Following are some Karl Marx quotes which we have in our database of Quotes of Karl Marx.
Let the ruling classes tremble at a communist revolution. The proletarians have nothing to lose but their chains. They have a world to win. Workingmen of all countries, unite!
Religion is the sigh of the oppressed creature, the heart of a heartless world, and the soul of soulless conditions. It is the opium of the people.
Anyone who knows anything of history knows that great social changes are impossible without feminine upheaval. Social progress can be measured exactly by the social position of the fair sex, the ugly ones included.
Capital is dead labor, which, vampire-like, lives only by sucking living labor, and lives the more, the more labor it sucks.
Capital is money, capital is commodities. By virtue of it being value, it has acquired the occult ability to add value to itself. It brings forth living offspring, or, at the least, lays golden eggs.
The human being is in the most literal sense a political animal, not merely a gregarious animal, but an animal which can individuate itself only in the midst of society.
Society does not consist of individuals but expresses the sum of interrelations, the relations within which these individuals stand.
Capitalist production, therefore, develops technology, and the combining together of various processes into a social whole, only by sapping the original sources of all wealth - the soil and the labourer.
In bourgeois society capital is independent and has individuality, while the living person is dependent and has no individuality.
We should not say that one man's hour is worth another man's hour, but rather that one man during an hour is worth just as much as another man during an hour. Time is everything, man is nothing: he is at the most time's carcass.
In a higher phase of communist society… only then can the narrow horizon of bourgeois right be fully left behind and society inscribe on its banners: from each according to his ability, to each according to his needs.
The development of civilization and industry in general has always shown itself so active in the destruction of forests that everything that has been done for their conservation and production is completely insignificant in comparison.
The writer must earn money in order to be able to live and to write, but he must by no means live and write for the purpose of making money.
It is absolutely impossible to transcend the laws of nature. What can change in historically different circumstances is only the form in which these laws expose themselves.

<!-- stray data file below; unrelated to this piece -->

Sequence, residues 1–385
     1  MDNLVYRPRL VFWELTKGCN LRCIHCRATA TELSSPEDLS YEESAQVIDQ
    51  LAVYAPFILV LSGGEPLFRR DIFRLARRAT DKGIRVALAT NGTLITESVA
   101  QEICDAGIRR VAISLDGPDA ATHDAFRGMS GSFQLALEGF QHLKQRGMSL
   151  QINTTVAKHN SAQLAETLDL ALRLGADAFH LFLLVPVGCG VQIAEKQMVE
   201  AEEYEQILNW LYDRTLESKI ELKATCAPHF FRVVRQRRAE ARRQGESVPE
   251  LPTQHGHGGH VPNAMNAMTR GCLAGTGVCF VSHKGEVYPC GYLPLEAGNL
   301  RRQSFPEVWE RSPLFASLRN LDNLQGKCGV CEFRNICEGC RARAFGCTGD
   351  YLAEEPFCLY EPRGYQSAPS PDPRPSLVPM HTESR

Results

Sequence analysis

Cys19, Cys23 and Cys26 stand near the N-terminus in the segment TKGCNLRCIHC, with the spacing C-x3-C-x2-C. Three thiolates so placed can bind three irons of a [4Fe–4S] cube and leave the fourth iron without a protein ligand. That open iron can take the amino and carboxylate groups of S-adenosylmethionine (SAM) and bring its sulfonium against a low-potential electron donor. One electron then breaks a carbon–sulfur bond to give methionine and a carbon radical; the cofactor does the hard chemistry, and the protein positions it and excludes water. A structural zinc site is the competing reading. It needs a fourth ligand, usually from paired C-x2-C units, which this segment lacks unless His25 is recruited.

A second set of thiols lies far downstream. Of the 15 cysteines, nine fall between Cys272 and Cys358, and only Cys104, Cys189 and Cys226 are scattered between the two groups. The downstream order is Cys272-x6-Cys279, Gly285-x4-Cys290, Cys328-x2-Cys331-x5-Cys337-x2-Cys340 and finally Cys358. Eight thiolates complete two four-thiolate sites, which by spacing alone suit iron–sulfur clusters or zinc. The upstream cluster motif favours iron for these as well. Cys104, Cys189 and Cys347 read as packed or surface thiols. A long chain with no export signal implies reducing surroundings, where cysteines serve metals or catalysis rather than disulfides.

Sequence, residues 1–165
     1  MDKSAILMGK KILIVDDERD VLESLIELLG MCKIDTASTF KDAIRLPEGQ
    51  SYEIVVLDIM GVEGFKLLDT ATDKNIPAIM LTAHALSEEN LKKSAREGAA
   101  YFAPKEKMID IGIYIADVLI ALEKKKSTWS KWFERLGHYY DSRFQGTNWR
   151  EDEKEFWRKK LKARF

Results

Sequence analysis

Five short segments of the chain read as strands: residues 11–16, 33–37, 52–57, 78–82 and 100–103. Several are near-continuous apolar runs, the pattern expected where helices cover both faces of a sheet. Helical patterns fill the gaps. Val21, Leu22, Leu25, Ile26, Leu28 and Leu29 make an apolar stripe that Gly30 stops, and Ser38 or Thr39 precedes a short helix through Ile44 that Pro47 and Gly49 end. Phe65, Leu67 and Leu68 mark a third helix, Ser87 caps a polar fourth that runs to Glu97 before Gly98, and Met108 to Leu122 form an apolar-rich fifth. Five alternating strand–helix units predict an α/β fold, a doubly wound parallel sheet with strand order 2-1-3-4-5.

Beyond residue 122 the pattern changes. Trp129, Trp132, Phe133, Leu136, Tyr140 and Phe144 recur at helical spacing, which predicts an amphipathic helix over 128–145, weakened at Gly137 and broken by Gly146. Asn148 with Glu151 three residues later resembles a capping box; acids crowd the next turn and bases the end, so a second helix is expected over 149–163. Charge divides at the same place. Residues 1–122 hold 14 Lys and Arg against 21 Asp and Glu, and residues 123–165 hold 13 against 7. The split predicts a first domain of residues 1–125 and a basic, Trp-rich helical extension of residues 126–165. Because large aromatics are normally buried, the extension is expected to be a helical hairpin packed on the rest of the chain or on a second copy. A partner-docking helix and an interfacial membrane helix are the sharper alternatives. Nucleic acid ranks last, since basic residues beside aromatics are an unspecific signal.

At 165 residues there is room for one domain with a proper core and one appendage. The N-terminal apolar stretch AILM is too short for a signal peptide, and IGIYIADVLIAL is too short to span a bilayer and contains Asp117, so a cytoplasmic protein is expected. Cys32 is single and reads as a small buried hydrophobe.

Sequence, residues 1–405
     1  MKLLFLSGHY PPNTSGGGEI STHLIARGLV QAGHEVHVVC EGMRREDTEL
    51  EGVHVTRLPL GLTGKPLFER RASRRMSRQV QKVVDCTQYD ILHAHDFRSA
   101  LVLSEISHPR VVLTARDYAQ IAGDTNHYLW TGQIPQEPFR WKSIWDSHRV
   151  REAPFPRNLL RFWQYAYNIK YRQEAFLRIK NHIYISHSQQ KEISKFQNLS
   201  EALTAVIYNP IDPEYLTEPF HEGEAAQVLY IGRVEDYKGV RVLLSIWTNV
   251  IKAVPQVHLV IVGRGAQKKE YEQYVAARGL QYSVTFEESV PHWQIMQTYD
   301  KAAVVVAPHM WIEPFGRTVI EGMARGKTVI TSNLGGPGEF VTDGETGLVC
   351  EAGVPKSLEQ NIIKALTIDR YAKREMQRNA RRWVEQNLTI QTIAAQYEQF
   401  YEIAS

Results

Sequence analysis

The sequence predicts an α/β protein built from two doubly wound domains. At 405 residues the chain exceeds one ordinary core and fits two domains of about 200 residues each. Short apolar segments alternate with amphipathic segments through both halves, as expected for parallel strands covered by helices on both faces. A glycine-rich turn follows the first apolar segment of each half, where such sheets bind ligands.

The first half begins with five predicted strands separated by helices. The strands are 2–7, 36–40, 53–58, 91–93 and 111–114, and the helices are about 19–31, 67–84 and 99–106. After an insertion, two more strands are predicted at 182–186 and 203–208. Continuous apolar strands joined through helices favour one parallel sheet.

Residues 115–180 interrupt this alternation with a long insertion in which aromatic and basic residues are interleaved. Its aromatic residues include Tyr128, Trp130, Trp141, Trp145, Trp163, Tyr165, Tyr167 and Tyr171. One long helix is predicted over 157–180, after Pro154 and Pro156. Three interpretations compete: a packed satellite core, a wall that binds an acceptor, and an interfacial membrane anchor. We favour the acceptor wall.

Art is always and everywhere the secret confession, and at the same time the immortal movement of its time.
The more the division of labor and the application of machinery extend, the more does competition extend among the workers, the more do their wages shrink together.
It is not history which uses men as a means of achieving - as if it were an individual person - its own ends. History is nothing but the activity of men in pursuit of their ends.
The country that is more developed industrially only shows, to the less developed, the image of its own future.
Capital is reckless of the health or length of life of the laborer, unless under compulsion from society.
Machines were, it may be said, the weapon employed by the capitalists to quell the revolt of specialized labor.
The ideas of the ruling class are in every epoch the ruling ideas, i.e., the class which is the ruling material force of society, is at the same time its ruling intellectual force.
Natural science will in time incorporate into itself the science of man, just as the science of man will incorporate into itself natural science: there will be one science.
The English have all the material requisites for the revolution. What they lack is the spirit of generalization and revolutionary ardour.
The writer may very well serve a movement of history as its mouthpiece, but he cannot of course create it.
History does nothing; it does not possess immense riches, it does not fight battles. It is men, real, living, who do all this.
A commodity appears at first sight an extremely obvious, trivial thing. But its analysis brings out that it is a very strange thing, abounding in metaphysical subtleties and theological niceties.
The product of mental labor - science - always stands far below its value, because the labor-time necessary to reproduce it has no relation at all to the labor-time required for its original production.
On a level plain, simple mounds look like hills; and the insipid flatness of our present bourgeoisie is to be measured by the altitude of its great intellects.